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Family Sues City for School Slashing

Posted By David Hernandez || May 1, 2014


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If another child at school injured your child, whose fault is it? Does the blame and any legal consequences rest on the other child and his or her family or guardians? Should the blame lie on the shoulders of the school? One mother, whose son was cut on the face by another student while at school, says the blame actually lies with the city, and she’s suing.

On March 17, 2014, 16-year-old Stephauan Powell was viciously cut by a straight razor wielded by a classmate at Herbert H. Lehmann High School in the Bronx, according to an article in the New York Daily News. He was fortunate enough to survive the attack; however, his injuries were serious enough to warrant medical attention.

His mother, Latoya Santiago, feels that there are more individuals to blame in this situation than just the actual attacker (identified only as Cory H.). She is suing the city (on behalf of the Department of Education) for negligence and seeking $5.5 million in damages. The lawsuit will be based on the premise that the city did not carry out its duties and adequately protect Santiago’s son. “He [referring to the assailant, Cory H.] came with the intent to do great damage, and there was no one there to protect my child. It’s going to happen to someone else’s child if they don’t change the safety system,” said Santiago.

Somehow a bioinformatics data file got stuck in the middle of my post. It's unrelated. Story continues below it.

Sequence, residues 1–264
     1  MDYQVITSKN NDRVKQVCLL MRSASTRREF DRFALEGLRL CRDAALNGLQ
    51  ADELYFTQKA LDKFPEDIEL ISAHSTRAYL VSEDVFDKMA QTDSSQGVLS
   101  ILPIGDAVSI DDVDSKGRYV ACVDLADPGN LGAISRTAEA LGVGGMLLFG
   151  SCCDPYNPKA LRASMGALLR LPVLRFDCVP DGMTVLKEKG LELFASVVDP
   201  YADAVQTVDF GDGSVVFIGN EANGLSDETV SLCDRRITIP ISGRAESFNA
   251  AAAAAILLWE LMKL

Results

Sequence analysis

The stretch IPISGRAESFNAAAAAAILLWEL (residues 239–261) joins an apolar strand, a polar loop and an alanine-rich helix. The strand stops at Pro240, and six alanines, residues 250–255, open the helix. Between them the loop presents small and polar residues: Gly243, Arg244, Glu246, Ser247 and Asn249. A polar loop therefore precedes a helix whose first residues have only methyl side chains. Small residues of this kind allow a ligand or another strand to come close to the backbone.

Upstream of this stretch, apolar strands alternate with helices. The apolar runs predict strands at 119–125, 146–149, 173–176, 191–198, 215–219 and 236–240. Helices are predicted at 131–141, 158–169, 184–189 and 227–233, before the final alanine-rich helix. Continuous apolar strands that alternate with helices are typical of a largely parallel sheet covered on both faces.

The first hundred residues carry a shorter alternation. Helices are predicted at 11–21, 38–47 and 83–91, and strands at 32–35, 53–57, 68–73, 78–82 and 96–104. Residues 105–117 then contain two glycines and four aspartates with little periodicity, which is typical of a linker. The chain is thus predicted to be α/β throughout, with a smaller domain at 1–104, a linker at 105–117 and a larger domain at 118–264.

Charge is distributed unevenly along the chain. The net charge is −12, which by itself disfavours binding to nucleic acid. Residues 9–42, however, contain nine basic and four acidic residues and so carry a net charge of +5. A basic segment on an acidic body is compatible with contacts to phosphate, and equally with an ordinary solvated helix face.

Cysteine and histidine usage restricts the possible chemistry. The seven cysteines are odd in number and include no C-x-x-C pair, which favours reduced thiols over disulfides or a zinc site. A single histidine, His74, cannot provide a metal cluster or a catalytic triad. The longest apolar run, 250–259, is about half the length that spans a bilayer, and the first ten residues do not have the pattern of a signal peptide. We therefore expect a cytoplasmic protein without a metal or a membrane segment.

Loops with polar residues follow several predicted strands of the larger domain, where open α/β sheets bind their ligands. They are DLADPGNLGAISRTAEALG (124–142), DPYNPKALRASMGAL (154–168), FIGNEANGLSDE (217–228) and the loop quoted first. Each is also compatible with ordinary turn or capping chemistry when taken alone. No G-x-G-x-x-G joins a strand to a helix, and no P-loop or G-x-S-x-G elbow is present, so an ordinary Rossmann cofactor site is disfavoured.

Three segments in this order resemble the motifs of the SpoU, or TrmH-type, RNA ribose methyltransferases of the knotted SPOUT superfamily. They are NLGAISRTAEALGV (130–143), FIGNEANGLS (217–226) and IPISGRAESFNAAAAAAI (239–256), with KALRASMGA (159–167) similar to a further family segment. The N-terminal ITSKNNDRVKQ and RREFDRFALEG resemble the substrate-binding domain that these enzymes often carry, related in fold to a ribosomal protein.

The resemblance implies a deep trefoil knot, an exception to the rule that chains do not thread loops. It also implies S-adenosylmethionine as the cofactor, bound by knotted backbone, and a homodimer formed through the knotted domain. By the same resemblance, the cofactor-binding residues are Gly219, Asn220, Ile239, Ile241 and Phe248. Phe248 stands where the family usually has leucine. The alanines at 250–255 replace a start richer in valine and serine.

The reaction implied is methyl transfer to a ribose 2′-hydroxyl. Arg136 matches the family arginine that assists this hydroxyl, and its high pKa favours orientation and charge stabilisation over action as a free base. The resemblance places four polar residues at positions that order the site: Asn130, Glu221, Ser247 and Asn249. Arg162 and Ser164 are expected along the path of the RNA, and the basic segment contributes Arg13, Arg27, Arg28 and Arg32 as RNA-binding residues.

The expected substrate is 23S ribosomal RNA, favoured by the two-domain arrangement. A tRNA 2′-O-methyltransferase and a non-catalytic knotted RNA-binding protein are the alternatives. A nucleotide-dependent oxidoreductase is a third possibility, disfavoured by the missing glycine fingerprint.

Some would argue that the school, Herbert H. Lehmann High School, has taken steps to try to protect students. The school does have metal detectors and some security cameras in place. With regard to that, Santiago said, “This school has a metal detector. How could the kid get into school with this [straight razor]? It could have been a gun.”

The matter has been further complicated by the fact that Powell was charged with disorderly conduct. However, his family and lawyer claim that Powell did not provoke the fight and that there is video evidence that proves he was blindsided while merely walking in the school’s hallway.

The school board, Department of Education, and other city officials have not commented.

At this time, we are left with many questions. Will the charges be dropped against Powell in light of alleged video evidence? What will Cory H. state as his motive? Will the city settle out of court? As spring gets underway, it will be interesting to see how the criminal charges and the lawsuit pan out.